Glory Days on a Court
Have you ever had a moment bring you so vividly back in time you could almost taste the experience once again? As a point guard on the varsity basketball team for her high school, my niece began her final season as a senior last night with a victory over a fierce rival. As I took my seat in the front row of the bleachers, I could feel the dribble of the ball reverberate off the hardwood floor of the court. The pace of the excitement, the rhythm of the plays, and energy these 17 year old girls exerted carried me right back to my youth as if I traveled in a time machine. It was like 1985 all over again.
When I was a kid, I was a total jock. I was one of those kids who wanted to try everything. And thankfully, my parents rarely denied me any of those youthful indulgences. As for extracurricular activities, things were much less complicated then, so it wasn’t that much of a loss when I signed up for Brownies, and decided after a few troup meetings and a round of cookie sales that it just wasn’t up my alley. I also did singing lessons, drama lessons and art lessons. Coming in right above the art lessons, my biggest passion was sports. I was on the track team, the cross country team, the softball team, the soccer team, and my all time favorite: the basketball team. I won trophies in all these sports; was voted MVP on both softball and basketball. It was truly my glory days. But then a funny thing happened around sophomore year when my father died unexpectedly. I suddenly started to care what boys thought of me, I started to smoke cigarettes in the girls bathroom at school, and by junior year I was most definitely drinking beer at more than one weekend party. Not to mention I was on a doctor’s couch ranting and raving about the injustices over losing my father at such a young age. When I was voted senior class president, it was a personal triumph for me considering my setbacks. But I always missed sports. I still can’t clearly remember the exact motives for dropping out. I had a confrontation with my last basketball coach in my sophomore year and developed a real attitude problem. I was very immature. And I suppose then with my father’s death, everything seemed to come down like a stack of dominoes. But the need for the thrill of competition that sports provided remained a void in my life that I began to fill with socializing and partying, smoking and drinking.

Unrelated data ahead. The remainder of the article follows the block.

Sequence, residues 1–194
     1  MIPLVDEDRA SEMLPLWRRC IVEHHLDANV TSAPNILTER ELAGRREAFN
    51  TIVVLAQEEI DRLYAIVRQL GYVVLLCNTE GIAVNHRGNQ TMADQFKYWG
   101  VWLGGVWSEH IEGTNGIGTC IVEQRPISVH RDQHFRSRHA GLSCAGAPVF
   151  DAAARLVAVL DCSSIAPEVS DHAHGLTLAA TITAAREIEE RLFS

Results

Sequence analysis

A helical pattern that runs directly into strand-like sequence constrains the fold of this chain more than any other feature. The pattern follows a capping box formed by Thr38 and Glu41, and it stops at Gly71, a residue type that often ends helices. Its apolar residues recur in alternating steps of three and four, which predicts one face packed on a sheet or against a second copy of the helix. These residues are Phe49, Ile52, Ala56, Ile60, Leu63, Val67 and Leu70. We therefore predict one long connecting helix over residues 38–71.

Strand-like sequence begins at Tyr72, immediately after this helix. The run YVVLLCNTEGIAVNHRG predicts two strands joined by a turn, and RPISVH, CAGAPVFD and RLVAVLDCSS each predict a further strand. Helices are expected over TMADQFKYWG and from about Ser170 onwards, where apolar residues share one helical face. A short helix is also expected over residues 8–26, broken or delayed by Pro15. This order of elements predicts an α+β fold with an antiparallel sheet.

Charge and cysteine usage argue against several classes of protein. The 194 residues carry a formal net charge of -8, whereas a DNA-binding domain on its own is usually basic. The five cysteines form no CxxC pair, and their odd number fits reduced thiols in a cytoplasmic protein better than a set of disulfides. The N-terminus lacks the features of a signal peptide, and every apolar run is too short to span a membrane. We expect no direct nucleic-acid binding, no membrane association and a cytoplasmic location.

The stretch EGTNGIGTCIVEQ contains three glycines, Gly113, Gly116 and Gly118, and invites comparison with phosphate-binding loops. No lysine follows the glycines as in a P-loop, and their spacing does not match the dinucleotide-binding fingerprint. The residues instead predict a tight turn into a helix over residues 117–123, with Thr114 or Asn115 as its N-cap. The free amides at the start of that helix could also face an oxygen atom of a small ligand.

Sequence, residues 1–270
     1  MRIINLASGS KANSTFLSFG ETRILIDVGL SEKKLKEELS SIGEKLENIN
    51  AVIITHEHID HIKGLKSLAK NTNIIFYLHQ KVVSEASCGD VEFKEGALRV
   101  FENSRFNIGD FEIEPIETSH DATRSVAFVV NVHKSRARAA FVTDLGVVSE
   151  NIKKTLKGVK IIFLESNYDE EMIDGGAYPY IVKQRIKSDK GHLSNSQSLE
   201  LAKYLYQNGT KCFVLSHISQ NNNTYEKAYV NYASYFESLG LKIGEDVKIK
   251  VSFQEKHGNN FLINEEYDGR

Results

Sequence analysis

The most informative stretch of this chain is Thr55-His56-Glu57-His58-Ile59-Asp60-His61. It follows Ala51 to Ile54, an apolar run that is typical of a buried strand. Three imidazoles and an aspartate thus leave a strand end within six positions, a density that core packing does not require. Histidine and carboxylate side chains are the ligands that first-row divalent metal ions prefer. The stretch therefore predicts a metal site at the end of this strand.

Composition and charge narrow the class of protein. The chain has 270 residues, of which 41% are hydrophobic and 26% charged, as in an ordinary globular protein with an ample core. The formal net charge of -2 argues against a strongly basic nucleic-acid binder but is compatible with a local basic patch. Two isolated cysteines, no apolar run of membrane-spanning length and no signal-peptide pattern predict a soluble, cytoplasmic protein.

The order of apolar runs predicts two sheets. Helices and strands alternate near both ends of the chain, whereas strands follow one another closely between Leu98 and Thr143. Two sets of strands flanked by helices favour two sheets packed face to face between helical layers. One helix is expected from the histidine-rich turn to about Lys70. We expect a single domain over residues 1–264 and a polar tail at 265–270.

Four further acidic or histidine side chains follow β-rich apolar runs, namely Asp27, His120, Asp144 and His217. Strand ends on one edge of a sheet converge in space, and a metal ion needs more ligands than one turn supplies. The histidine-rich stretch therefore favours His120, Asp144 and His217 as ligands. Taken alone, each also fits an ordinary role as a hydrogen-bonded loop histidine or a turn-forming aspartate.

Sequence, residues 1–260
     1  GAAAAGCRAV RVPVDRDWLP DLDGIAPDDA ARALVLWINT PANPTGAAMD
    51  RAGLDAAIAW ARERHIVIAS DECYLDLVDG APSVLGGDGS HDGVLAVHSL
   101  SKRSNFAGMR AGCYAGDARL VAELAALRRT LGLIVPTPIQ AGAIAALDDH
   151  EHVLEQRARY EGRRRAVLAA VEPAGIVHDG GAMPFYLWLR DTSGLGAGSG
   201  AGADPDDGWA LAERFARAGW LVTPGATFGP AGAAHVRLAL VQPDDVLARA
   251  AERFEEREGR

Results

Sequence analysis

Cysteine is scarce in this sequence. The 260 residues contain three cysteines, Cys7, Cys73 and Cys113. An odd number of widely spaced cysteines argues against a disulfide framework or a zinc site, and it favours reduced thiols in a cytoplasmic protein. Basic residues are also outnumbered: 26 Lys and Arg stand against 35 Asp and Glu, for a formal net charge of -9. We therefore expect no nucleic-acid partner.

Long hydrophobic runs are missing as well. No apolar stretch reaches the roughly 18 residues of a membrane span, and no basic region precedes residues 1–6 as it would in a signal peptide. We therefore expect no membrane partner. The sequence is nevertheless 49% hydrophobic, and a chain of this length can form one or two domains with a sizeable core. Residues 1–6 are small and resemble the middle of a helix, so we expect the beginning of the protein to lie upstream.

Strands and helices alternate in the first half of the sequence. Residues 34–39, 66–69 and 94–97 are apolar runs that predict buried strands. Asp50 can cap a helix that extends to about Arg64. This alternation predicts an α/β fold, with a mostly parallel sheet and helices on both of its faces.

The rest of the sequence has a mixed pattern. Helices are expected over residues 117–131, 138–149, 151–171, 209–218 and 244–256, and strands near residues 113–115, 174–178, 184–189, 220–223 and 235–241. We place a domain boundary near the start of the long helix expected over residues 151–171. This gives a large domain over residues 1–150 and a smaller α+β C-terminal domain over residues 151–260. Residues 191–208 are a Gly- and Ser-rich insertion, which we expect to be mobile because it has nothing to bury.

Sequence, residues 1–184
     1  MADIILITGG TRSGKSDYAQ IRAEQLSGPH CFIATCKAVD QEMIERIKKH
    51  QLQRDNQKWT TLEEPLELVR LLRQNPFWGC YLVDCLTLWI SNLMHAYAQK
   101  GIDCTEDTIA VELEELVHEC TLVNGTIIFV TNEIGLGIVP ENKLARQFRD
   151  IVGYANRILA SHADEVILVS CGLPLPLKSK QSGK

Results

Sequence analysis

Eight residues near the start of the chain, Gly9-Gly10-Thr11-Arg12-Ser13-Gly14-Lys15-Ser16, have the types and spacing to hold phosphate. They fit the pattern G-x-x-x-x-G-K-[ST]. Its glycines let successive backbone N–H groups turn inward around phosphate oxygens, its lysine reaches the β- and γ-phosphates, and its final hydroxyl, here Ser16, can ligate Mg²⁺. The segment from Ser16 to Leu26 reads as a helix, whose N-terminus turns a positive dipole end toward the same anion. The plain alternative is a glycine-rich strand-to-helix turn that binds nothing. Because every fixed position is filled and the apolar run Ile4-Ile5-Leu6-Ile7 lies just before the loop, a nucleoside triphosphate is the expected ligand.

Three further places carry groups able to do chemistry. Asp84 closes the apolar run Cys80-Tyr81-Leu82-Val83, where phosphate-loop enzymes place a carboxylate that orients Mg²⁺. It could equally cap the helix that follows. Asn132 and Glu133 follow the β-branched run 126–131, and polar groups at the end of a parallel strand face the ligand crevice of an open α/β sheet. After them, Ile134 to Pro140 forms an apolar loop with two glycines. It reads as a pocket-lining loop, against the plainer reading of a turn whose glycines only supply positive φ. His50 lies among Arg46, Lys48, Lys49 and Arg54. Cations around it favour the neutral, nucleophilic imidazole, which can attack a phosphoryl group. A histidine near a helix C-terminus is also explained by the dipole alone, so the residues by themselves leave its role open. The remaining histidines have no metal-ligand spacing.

At last night’s game, I couldn’t help but feel a little bit of longing for the good ol’ days, with a crowd cheering for you as you steal the ball from your opponent and run down the court dribbling your heart away. There is nothing like that feeling. Nothing can compare to the thrill of victory in sports. I couldn’t help but feel a little old, a little out of shape and a little plump, when I watched the game last night. I wondered where all my sports enthusiasm had gone. The guy next to me actually asked me if I had a daughter out there playing. Hello? Excuse me? Do I look old enough to have a 17 year old? That didn’t help me feel any better.
As I was driving home last night with CJ in the backseat, we were both very quiet. Him from exhaustion over running around with a bunch of other kids, and me from contemplating my lost youth. I never used to be one of those people who wallowed in their grief at every birthday, but as I close in on my 36th birthday early next year, I can’t help but wonder where in the hell the time went. I look at my niece, and the expression on her face when they won the game literally glowed with excitement and joy. The other day she found out that she has been accepted into the college of her choice, so it’s smooth sailing for her in her senior year. I can’t help but be reminded of how much she has going for her and how much she has to look forward to. Her whole world is truly her oyster right now, and what a great place in life to be.